Purpose

The purpose of this paper is twofold: to build a theoretical model that identifies textual cues to distinguish between authentic and fictitious reviews, and to empirically validate the theoretical model by examining reviews of positive, negative as well as moderate polarities.

Design/methodology/approach

Synthesizing major theories on deceptive communication, the theoretical model identifies four constructs – comprehensibility, specificity, exaggeration and negligence – to predict review authenticity. The predictor constructs were operationalized as holistically as possible. To validate the theoretical model, 1,800 reviews (900 authentic + 900 fictitious) evenly spread across positive, negative and moderate polarities were analyzed using logistic regression.

Findings

The performance of the proposed theoretical model was generally promising. However, it could better discern authenticity for positive and negative reviews compared with moderate entries.

Originality/value

The paper advances the extant literature by theorizing the textual differences between authentic and fictitious reviews. It also represents one of the earliest attempts to examine nuances in the textual differences between authentic and fictitious reviews across positive, negative as well as moderate polarities.

Details

Internet Research, vol. 27 no. 2
Type: Research Article
ISSN: 1066-2243

Keywords

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Article
Publication date: 29 March 2013

Alton Y.K Chua and Snehasish Banerjee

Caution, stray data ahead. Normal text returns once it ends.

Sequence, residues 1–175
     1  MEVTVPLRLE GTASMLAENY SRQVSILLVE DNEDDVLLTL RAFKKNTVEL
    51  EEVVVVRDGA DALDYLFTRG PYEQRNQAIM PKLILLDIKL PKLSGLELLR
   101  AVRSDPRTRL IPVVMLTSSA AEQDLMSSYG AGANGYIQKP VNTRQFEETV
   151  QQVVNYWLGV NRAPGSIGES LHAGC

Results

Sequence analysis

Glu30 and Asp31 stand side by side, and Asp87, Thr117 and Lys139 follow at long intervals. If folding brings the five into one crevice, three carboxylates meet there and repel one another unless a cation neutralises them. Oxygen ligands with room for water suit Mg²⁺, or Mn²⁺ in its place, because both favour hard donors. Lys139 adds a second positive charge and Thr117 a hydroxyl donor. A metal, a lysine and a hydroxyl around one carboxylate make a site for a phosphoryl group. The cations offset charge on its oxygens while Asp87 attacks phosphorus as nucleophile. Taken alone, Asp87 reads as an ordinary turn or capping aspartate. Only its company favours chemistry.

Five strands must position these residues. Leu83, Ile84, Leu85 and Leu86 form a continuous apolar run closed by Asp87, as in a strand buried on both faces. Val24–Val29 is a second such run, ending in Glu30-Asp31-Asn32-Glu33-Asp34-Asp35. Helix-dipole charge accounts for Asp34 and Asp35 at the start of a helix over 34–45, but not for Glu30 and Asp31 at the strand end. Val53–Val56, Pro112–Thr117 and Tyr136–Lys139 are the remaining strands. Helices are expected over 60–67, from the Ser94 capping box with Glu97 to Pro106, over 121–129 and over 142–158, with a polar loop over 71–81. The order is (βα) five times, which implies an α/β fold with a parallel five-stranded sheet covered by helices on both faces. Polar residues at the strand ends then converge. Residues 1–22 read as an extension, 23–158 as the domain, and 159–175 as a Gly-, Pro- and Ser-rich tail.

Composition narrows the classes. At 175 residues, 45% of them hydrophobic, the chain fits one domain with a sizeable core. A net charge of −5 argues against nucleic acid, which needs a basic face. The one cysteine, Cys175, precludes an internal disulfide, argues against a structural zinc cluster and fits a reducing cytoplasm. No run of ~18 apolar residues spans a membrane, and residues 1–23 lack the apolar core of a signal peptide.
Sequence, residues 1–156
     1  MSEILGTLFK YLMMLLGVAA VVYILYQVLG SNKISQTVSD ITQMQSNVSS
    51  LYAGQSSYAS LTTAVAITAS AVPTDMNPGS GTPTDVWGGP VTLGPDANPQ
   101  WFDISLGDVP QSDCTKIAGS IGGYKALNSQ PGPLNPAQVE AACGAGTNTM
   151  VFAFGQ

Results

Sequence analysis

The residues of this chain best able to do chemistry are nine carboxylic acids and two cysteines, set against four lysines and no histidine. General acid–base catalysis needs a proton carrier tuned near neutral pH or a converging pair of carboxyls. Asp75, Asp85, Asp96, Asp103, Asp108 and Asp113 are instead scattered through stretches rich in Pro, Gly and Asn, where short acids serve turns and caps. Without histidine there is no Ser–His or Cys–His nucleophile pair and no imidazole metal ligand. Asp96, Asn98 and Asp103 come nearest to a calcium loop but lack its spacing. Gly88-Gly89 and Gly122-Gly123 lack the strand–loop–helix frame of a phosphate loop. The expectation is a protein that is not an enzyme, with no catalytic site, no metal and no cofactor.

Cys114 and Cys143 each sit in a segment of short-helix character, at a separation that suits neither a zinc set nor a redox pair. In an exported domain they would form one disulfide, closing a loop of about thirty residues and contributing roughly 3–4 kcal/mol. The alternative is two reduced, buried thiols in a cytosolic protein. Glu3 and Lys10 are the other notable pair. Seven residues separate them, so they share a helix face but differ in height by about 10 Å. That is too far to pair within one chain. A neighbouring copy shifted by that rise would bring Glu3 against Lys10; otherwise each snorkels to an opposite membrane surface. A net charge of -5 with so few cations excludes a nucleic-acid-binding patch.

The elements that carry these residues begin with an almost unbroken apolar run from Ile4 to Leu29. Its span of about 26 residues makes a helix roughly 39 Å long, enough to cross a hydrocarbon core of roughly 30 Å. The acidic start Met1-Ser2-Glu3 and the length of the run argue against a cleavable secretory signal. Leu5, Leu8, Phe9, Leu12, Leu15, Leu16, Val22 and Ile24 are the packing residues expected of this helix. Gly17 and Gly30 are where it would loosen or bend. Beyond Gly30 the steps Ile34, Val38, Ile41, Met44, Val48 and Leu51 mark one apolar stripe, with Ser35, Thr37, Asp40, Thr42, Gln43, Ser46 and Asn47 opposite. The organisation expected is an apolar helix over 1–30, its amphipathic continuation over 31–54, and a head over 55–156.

The purpose of this paper is to analyze the extent to which the use of social media can support customer knowledge management (CKM) in organizations relying on a

Abstract

Purpose

The purpose of this paper is to analyze the extent to which the use of social media can support customer knowledge management (CKM) in organizations relying on a traditional bricks‐and‐mortar business model.

Design/methodology/approach

The paper uses a combination of qualitative case study and netnography on Starbucks, an international coffee house chain. Data retrieved from varied sources such as newspapers, newswires, magazines, scholarly publications, books, and social media services were textually analyzed.

Findings

Three major findings could be culled from the paper. First, Starbucks deploys a wide range of social media tools for CKM that serve as effective branding and marketing instruments for the organization. Second, Starbucks redefines the roles of its customers through the use of social media by transforming them from passive recipients of beverages to active contributors of innovation. Third, Starbucks uses effective strategies to alleviate customers' reluctance for voluntary knowledge sharing, thereby promoting engagement in social media.

Research limitations/implications

The scope of the paper is limited by the window of the data collection period. Hence, the findings should be interpreted in the light of this constraint.

Practical implications

The lessons gleaned from the case study suggest that social media is not a tool exclusive to online businesses. It can be a potential game‐changer in supporting CKM efforts even for traditional businesses.

Originality/value

This paper represents one of the earliest works that analyzes the use of social media for CKM in an organization that relies on a traditional bricks‐and‐mortar business model.

Details

Journal of Knowledge Management, vol. 17 no. 2
Type: Research Article
ISSN: 1367-3270

Keywords

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Article
Publication date: 18 September 2009

Wing Lam and Alton Y.K. Chua

This paper introduces the notion of knowledge outsourcing (KO) where external knowledge providers (KP), rather than internal experts, are contracted to provide knowledge…

Abstract

Purpose

This paper introduces the notion of knowledge outsourcing (KO) where external knowledge providers (KP), rather than internal experts, are contracted to provide knowledge services. The purpose of this paper is to examine the role of KO in knowledge management (KM) and the circumstances under which KO is most likely to be successful.